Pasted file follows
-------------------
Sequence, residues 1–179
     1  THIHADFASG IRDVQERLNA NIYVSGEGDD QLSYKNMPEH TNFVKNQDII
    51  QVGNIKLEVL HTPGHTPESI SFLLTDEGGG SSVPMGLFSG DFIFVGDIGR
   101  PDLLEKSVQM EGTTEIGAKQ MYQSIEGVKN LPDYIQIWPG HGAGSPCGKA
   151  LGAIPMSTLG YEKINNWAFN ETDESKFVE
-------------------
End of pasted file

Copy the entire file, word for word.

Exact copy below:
Sequence, residues 1–179
     1  THIHADFASG IRDVQERLNA NIYVSGEGDD QLSYKNMPEH TNFVKNQDII
    51  QVGNIKLEVL HTPGHTPESI SFLLTDEGGG SSVPMGLFSG DFIFVGDIGR
   101  PDLLEKSVQM EGTTEIGAKQ MYQSIEGVKN LPDYIQIWPG HGAGSPCGKA
   151  LGAIPMSTLG YEKINNWAFN ETDESKFVE